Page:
Many of the Rohingya victims work for nongovernmental organizations or as teachers. Humanitarian organizations have raised concerns regarding the impact of APBn harassment on their staff and operations. Another health volunteer paid APBn officers 6,000 taka ($60) after they confiscated his work cellphone and downloaded photos and videos related to armed groups to frame him. “I still remember them smiling when they gave my mobile back,” he said. “In Myanmar, the security forces used to charge us money for anything, any time they wanted. Now in the camps, Bangladesh law enforcement is doing the same thing.”
The APBn officers arrested Soyedul Hoque, 57, in his betel leaf shop on November 2, 2022, and demanded 100,000 taka ($1,000) for his release. “Because we have such little income from the shop, we couldn’t pay the police anything,” his daughter said. He was charged with possession of 2,000 yaba tablets and remains in jail. Human Rights Watch interviewed a witness named on the First Information Report, a formal complaint, who knew nothing of the case or why he was listed.
The APBn crackdown has compounded fear and vulnerability among the one million Rohingya refugees in Bangladesh, the majority of whom fled Myanmar military atrocities in late 2017. The police abuses have escalated amid increasingly coercive restrictions on livelihoods, movement, and education in the camps, including harassment at checkpoints and closing community schools and markets.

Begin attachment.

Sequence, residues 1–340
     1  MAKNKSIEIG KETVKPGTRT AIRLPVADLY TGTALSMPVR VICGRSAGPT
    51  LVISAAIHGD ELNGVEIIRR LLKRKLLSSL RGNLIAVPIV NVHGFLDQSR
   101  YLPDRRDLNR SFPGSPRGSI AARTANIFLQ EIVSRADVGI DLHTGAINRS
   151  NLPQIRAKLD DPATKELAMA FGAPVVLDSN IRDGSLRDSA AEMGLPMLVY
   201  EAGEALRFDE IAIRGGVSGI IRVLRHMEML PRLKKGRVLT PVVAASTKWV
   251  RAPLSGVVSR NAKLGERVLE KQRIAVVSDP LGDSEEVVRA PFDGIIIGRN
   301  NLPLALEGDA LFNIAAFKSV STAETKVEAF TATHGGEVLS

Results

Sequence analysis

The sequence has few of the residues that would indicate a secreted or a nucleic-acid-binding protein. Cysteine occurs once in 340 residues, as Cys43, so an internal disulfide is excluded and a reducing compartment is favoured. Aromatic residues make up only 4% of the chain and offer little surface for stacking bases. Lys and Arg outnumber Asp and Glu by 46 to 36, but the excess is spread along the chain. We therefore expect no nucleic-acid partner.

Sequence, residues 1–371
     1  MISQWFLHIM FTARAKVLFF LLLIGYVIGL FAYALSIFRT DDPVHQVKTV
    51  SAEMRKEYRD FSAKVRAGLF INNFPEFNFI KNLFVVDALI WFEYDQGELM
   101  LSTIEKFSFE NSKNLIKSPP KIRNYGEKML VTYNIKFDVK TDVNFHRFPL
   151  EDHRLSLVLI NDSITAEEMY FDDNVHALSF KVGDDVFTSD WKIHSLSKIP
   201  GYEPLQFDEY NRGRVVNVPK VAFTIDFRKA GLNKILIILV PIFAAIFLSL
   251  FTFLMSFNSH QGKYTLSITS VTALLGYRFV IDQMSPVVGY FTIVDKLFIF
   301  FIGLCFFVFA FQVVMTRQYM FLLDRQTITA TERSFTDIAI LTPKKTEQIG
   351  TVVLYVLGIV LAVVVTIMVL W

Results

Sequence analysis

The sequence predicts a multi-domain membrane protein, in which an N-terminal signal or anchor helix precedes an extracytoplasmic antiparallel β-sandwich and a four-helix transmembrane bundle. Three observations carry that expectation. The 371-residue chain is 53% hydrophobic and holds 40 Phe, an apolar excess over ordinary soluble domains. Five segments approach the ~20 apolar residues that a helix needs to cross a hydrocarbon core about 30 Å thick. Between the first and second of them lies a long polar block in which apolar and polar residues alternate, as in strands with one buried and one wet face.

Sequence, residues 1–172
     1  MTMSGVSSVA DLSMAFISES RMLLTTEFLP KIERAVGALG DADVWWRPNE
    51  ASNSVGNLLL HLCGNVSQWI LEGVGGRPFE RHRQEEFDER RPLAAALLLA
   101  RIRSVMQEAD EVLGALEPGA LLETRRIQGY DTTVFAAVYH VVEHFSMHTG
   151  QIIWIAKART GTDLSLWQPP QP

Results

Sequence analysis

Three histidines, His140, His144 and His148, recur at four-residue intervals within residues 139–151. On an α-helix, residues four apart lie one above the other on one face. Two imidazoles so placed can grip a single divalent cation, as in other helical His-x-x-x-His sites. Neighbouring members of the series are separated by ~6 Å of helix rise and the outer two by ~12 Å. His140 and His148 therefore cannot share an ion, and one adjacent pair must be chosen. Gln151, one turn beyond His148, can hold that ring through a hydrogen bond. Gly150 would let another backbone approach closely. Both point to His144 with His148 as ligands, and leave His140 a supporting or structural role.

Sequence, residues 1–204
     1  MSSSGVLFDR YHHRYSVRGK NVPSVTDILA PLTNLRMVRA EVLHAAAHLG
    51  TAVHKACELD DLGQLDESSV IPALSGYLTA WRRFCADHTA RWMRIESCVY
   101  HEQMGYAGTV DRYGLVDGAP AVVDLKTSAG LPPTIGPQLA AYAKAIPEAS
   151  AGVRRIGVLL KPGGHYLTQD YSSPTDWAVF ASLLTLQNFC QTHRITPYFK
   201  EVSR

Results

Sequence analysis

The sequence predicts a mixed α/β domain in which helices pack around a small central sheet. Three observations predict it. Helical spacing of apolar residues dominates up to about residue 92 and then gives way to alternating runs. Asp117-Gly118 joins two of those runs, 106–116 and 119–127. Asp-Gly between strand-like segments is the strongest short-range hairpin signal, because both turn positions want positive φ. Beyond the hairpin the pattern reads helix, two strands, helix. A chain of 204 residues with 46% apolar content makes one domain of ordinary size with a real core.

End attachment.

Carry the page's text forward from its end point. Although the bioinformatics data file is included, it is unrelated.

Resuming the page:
The refugees also face threats due to the growing presence of armed groups and gangs. Bangladesh authorities should develop and carry out a rights-respecting security policy, in consultation with refugees, to protect the camp population, Human Rights Watch said. This should include providing comprehensive access to education and livelihoods to reduce illegal and dangerous economic activity.
In late October, the APBn initiated “Operation Root Out” in response to a spike in targeted killings by armed groups. The police have arrested at least 900 Rohingya since mid-2022. But refugees allege that APBn corruption has allowed criminal activity to proliferate, while Rohingya not responsible for crimes have ended up targeted in police crackdowns.
Family members of three Rohingya arrested during Operation Root Out said that the cases against their relatives were fabricated. APBn officers arrested Ali Yusuf, 23, a teacher, on October 29, claiming he had ties to the Arakan Rohingya Salvation Army (ARSA) armed group. His mother met with him at the police camp the next day.
“My son said that a number of Rohingya had been falsely arrested, accused of hoarding weapons like machetes, knives, or firearms,” she said. “He said the police had weapons and drugs in their possession and forced anyone arrested to be photographed to spread rumors about them. He told me not to pay any bribe. The majhi told me that if I paid the police money, he would be released, but I listened to my son.” In the First Information Report, reviewed by Human Rights Watch, Ali Yusuf is accused of possessing homemade weapons. His mother has not yet been able to afford the legal fees.
Several refugees said that ABPn officers beat, slapped, kicked, or otherwise assaulted them, either in detention or at checkpoints. Two were arrested when the police arrived at their homes looking for family members who were not there. Officers arrested Kamal Ahmod, 18, a teacher, on November 2 when they were looking for his father, whom they accused of being an ARSA member.